THE ELATION brought on by news of the Slovak ice hockey team’s success and the medals that have been collected since the start of the Olympics has been slightly dampened by an anonymous e-mail that literally flooded mailboxes and the Facebook walls of Slovaks, harshly criticising the Slovak Representative House in Vancouver.
For the first time since its founding in 1998, the Slovak Representative House at the Olympic Games this year is open to the public to visit as guests – unlike previous years, when the House was reserved for the Slovak Olympic team and invited VIPs. In Vancouver, the public can attend the House’s cultural events and lunch and dinner buffets – but for a fee, which was the main subject of the anonymous criticism.
The e-mail, signed ‘Petra’, tells a story of two Slovak girls living in Canada who attended the House’s programme and afterwards wanted to have some drinks at the bar, but were told that they were not allowed to do that, as the food and drinks were only for guests who bought a lunch or dinner ticket, for $60 CAD and $115 CAD respectively. ‘Petra’ continues writing about her experience and how she and her friend volunteered to sell tickets at the entrance of the House one evening.
“All the visitors, including Slovaks, Canadians and tourists from other countries, turned on their heels and left disappointed when they were told the price of the ticket,” the e-mail reads, claiming that not one person bought a ticket that night and that the House that night only hosted a few Slovak VIPs, the Slovak Representative House project managers and the staff. They also complained about the language skills and the attitude of an unnamed manager at the House.
Petra Siváková from the Black Tea – B.M.A. consortium, which was contracted to prepare and manage the Slovak Representative House in Vancouver 2010, confirmed for The Slovak Spectator that the price of the lunch ticket is $60 CAD and that the dinner ticket is $110 CAD. The lunch ticket allows the holder access to a buffet of Slovak culinary specialties and a selection of the best Slovak wines and beer, as well as coffee and soft drinks, from noon to 15:00, while the dinner ticket is for entrance from 18:00 to midnight. Live music and a screening of the Olympics are included in the price.
According to Siváková, there are about 100 lunch tickets and 50 dinner tickets available every day, due to the limited space at the House.
“The popularity of the House grows every day,” Siváková told The Slovak Spectator. “On Saturday [February 20] we sold out for lunch within an hour. […] The dinner sold out even before it started, so, to those who came after 18:00, we could only offer a short tour around the House, which we also offer to everybody who wants to see it before buying tickets.”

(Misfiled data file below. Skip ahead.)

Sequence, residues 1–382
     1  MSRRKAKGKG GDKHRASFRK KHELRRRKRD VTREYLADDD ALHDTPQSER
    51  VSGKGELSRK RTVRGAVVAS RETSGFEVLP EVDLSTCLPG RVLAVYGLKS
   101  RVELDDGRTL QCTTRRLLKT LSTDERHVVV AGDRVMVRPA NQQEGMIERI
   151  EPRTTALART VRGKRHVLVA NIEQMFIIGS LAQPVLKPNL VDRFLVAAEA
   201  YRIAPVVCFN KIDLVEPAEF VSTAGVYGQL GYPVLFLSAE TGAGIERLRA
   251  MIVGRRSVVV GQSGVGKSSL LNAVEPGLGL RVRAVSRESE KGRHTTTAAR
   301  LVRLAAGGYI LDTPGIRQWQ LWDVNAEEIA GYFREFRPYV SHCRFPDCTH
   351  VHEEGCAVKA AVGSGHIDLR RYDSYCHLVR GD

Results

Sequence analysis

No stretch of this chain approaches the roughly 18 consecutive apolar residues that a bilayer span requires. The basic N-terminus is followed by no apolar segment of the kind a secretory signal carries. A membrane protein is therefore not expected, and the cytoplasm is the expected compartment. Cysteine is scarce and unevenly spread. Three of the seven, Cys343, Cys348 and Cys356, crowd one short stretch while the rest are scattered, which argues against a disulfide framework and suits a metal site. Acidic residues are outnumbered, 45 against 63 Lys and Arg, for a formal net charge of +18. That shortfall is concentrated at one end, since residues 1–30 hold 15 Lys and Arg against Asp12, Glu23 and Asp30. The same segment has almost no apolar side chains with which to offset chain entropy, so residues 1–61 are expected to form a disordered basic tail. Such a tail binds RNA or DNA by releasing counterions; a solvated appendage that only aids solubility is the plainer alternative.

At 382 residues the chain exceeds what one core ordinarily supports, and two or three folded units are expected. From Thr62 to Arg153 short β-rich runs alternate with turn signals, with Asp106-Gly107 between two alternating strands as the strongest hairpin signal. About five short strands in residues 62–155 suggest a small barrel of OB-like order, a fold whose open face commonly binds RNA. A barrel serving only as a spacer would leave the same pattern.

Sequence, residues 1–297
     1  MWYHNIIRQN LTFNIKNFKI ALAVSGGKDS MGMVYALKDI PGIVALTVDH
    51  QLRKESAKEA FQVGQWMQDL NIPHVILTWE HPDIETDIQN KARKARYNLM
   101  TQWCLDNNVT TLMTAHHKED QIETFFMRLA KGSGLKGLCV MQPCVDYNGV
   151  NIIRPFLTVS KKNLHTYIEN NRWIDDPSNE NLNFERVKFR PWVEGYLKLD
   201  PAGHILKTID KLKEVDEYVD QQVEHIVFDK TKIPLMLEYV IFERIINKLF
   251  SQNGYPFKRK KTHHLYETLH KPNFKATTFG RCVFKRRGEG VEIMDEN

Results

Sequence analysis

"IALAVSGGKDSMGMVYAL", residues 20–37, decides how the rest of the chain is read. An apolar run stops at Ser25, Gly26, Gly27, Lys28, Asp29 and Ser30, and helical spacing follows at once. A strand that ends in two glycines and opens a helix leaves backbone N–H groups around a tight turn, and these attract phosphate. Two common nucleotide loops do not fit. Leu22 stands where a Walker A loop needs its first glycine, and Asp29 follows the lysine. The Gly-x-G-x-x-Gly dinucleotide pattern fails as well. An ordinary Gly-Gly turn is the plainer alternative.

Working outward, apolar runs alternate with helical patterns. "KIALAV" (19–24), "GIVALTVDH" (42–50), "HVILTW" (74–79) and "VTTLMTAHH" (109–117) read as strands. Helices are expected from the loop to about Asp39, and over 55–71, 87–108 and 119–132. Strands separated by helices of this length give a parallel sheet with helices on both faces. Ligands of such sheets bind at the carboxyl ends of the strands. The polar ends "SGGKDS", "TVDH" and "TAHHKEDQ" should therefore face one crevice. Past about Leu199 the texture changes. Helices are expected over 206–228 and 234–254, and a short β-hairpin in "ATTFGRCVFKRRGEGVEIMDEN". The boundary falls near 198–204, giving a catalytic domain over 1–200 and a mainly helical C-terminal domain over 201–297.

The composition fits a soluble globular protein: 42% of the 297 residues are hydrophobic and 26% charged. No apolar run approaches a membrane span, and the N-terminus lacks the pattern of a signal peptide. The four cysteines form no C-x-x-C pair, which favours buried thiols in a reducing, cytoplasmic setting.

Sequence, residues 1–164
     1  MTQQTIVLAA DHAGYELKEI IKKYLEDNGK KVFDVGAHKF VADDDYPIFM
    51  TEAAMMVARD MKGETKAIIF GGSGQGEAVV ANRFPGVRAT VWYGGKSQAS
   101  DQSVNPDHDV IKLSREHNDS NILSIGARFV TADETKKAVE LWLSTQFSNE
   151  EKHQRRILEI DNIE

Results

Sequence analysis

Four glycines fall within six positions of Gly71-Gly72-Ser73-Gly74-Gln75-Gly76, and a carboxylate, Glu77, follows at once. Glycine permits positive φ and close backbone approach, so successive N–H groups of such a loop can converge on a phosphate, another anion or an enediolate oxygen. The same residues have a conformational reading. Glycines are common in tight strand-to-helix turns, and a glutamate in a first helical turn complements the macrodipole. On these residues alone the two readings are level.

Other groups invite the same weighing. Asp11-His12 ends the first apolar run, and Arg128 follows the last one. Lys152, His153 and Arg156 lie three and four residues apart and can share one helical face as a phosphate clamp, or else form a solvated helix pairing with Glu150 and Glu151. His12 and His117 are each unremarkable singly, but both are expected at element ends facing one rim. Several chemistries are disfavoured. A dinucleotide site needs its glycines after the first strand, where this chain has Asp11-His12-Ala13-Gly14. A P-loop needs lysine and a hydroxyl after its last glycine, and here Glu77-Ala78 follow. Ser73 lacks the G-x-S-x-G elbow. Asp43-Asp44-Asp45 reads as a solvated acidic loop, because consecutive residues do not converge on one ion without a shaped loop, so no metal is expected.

Slovak Foreign Affairs Minister Miroslav Lajčák rushed to defend the reputation of the Slovak Representative House, saying he himself received the e-mail from the mysterious ‘Petra’ about 30 times, and said that he sees it as an attempt to discredit the House, the SITA newswire reported.
“I’m sorry that something that earns praise abroad gives someone at home the need to criticise and libel it,” Lajčák said, as quoted by SITA.
The praise abroad that the management of the Slovak Representative House was referring to is mainly an article in the local Vancouver Sun, in which columnist Sally Fralic, who lives 25 floors above the House, wrote very positively about the whole project.
“Slovak House, unlike many of the international houses at these Olympics, is open to the public,” Fralic wrote. “It charges $60 for lunch and $115 for dinner, and that means lots of Slovak wine and beer and all the above food and more, plus a fruit, cheese and dessert table with apricot cake, poppy seed roll, apple strudel and that’s when I couldn’t eat any more. And if you think the price of admission is too steep, then you haven’t spent any time in the Olympic houses that charge an arm and a leg just for a pint.”
The article continues with a rather PR-ish account of the delicacies and treats that one can taste and experience at the House. However, Fralic was not the only one positive about the project. The Globe and Mail also mentioned the House in an article about restaurants and dinner venues in Vancouver during the Olympics.
“The best hospitality house food I’ve found so far is at the Slovak Representative House and at the Aboriginal Pavilion – but it doesn’t come cheap,” Alexandra Gill wrote in her article, praising the Slovak traditional cuisine and wines.
“But my favourite part of the meal were the waiters,” the article concludes. “Only during the Olympics will you find charming older gentlemen in red hockey jerseys doling out smoked cheese strings and dainty pork terrines with flourishing silver service. Enjoy it while it's here.”
1. Mar 2010 at 0:00 | Michaela Terenzani